My grandmother’s favorite color is pink. Not pastel pink, hot pink or girlie pink, but a particular shade of pink that any member of my family can readily identify as “Grandmother Pink.” The only exception to the established nomenclature is my dad. Much to my mom’s embarrassment, he always refers to the color as “titty pink.” This language is so out of character that it still elicits giggles every time he says it.
I remember my first grade class play. My best friend Melinda was cast as one of the Three Billy Goats Gruff. She had actual lines. I was cast as one of the Harvest Hills parents. My only line was in unison with 20 other first graders saying “We’re the Harvest Hills parents!” The only thing that made this injustice somewhat palatable was Grandmother outfitting me for my theatrical debut. She gave me a fantastic ensemble complete with skirt, blazer, matching heels, pillbox hat and purse — all in Grandmother Pink. I may have been stuck playing a Harvest Hills parent, but I wasn’t about to blend in!
Years later, my grandparents decided to remodel their master bath. I remember the first time I saw it after the renovation. My grandmother decided on a large square bath tub, matching tile, sink and toilet in — you guessed it — Grandmother Pink. Grandpa had his own separate bathroom down the hall, a refuge in manly brown and beige.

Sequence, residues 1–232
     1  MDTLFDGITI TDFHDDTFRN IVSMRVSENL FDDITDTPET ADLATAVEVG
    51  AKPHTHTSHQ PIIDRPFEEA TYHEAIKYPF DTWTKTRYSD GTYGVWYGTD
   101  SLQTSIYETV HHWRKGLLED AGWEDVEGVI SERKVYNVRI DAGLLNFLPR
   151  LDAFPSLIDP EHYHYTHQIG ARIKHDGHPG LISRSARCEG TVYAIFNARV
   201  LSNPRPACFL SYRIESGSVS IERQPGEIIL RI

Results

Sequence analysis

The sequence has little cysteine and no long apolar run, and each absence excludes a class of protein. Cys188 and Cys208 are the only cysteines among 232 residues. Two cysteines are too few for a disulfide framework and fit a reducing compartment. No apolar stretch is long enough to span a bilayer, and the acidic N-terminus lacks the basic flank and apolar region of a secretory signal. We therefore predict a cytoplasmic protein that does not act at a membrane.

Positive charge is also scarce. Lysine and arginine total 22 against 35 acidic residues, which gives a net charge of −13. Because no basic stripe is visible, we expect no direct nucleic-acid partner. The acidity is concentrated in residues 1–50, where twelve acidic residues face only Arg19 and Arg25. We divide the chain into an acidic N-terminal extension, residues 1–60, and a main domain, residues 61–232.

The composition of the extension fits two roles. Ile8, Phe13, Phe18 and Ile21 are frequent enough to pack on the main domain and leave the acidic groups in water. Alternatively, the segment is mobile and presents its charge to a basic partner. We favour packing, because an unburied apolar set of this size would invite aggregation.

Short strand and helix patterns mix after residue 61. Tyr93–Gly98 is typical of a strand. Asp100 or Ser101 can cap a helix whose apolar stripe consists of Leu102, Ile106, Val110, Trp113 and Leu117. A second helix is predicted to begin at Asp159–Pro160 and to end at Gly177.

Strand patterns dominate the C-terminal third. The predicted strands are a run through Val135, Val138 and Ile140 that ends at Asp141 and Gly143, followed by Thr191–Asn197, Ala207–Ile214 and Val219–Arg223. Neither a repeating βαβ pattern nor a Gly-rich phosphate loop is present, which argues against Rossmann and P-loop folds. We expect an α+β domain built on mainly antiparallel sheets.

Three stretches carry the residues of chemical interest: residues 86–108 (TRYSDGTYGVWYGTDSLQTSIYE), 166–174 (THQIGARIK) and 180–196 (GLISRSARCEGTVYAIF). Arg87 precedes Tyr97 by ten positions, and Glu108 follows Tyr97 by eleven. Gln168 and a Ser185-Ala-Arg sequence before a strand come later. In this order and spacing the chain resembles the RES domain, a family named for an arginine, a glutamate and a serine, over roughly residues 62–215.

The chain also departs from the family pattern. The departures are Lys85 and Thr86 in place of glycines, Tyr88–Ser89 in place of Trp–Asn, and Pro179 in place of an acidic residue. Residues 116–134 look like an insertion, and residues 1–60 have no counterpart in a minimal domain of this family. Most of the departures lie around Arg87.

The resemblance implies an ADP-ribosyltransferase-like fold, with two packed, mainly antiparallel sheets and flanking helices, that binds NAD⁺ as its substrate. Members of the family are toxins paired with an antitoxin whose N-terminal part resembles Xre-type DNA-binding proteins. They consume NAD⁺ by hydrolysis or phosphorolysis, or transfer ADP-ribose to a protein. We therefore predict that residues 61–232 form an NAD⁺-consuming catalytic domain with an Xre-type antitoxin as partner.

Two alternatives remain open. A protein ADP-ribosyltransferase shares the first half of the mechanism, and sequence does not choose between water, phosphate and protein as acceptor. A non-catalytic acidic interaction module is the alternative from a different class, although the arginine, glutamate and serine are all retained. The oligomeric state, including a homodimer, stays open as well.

Declining health forced my grandmother into a nursing home. My mom came across several bags of yarn while clearing out the house after the move. She shipped most of it to me. My intent was to pass it along to a friend who knits. Months later the giant box of yarn was still sitting in my closet until one night when I took matters into my own hands. YouTube and the internet replaced what would have been my grandmother’s knitting instruction, but she was there — represented by the 4 skeins of yarn in Grandmother Pink. That was several hats, scarves, glomitts and a sweater ago.
My grandmother died today. It wasn’t unexpected. She spent the last few years suffering from Alzheimer’s and more recently pneumonia. My sister called to give me the news. In the background, I could hear the bustle of my parents, aunt and cousins putting prearranged plans into action. As we were talking, she briefly left our conversation to correct some unidentified person saying “No! It’s supposed to be a spray of PINK roses!”